Now, Rush intends to go even further than chartering the company's two existing submarines. He's making his own -- a manned, deep-sea submersible made of lightweight and ultra-strong carbon fiber.
In collaboration with the
OceanGate began in 2009 with a five-seater submarine it purchased from a private owner. The company's current flagship sub, Antipodes, was introduced in 2010 and has made 130 dives in the past two years. Its missions have been as diverse as shipwreck exploration in
Cyclops would hardly be the first nongovernmental sub to dive the 10,000-foot depth --
Rush says the majority of private subs around today are strapped to yachts or reserved for government-sanctioned research dives, leaving very few available for commercial or private charter. Research teams that wish to use government subs have to go through a lengthy and costly process. Plus, providing subs solely for research purposes isn't economically viable.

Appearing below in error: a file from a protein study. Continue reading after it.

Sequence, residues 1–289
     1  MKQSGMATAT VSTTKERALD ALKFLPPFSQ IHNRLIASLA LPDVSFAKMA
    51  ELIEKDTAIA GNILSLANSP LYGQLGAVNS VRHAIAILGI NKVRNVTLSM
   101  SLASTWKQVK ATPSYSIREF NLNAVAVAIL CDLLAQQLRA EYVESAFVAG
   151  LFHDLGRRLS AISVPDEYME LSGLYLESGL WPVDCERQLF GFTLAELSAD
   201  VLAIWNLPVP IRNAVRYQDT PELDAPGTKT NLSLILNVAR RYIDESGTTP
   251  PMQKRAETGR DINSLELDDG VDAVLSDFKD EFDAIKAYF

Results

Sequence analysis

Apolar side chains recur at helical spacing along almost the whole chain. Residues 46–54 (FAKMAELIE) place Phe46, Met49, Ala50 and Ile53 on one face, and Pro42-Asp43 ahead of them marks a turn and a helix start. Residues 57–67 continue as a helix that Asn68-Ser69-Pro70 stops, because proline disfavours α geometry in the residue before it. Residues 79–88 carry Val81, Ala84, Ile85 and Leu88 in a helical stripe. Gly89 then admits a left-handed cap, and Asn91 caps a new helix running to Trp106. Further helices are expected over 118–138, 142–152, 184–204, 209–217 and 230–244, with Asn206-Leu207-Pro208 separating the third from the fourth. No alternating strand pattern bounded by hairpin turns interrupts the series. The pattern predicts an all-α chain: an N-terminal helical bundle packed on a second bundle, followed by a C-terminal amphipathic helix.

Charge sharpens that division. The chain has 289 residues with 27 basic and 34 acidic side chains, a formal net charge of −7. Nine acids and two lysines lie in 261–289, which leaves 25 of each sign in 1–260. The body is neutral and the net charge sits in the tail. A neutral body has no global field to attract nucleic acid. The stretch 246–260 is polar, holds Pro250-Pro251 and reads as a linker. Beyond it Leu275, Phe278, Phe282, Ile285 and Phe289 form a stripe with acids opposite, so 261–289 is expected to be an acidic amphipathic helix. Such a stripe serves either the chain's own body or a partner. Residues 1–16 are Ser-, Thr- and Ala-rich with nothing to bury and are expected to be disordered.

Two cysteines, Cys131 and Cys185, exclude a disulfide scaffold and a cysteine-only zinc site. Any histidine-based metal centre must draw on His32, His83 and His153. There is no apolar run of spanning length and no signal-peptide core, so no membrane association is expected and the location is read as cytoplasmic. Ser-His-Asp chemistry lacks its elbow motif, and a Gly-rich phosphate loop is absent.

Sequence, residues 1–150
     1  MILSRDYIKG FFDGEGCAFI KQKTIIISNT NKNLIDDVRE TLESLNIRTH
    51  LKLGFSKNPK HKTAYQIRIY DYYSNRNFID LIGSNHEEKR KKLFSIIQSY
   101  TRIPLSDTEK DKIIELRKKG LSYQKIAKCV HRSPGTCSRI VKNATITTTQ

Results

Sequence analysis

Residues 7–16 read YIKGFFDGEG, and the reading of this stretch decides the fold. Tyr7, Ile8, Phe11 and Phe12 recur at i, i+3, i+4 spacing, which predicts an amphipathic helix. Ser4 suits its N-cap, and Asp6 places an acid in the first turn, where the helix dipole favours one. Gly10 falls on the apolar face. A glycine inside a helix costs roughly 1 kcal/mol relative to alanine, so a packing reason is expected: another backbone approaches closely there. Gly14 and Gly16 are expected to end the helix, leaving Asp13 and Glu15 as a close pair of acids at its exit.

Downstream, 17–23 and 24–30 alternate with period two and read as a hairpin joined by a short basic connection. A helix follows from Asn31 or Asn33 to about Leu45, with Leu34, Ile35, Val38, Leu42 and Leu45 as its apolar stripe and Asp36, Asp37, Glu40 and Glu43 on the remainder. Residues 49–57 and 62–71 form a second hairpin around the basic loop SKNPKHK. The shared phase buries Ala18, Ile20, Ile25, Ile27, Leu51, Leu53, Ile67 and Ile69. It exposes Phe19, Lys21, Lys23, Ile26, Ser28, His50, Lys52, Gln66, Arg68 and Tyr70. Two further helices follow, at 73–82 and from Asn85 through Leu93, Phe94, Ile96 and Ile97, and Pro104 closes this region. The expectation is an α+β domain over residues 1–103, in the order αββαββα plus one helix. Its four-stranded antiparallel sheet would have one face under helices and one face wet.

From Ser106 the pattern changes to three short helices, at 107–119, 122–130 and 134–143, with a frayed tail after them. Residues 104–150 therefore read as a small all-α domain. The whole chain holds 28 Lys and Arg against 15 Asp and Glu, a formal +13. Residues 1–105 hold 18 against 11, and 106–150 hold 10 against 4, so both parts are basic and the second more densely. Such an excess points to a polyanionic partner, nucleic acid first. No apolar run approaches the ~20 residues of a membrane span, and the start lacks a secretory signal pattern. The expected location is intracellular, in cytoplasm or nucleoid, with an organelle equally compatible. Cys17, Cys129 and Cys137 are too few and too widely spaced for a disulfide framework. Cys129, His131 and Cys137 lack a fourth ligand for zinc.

So earlier this year when co-founder
"I saw this burning commercial need for a sub like Cyclops, and I knew I could build it," he says.
Rush says Cyclops is "like going to a Swiss Army knife from a scalpel." It's designed to suit missions ranging from film crews, to research teams, to oil companies -- all in one machine.
The vessel's hull will be made from 7 inches of razor-thin layers of carbon fiber reinforced plastic. It's the same kind of material that forms the wings on
Traditionally, such vessels are made with steel to withstand incredible pressure. Rush says using the lighter carbon fiber cuts down on bulk and material while still being ultra-strong. That allows for a faster sub, a larger viewing window and an entirely different deep sea experience.
OceanGate expects it will cost between
Rush says there's a lot more money than people think in the deep sea industry.
The largest opportunity for Cyclops will likely be from the oil industry's needs for environmental impact research and drilling exploration.
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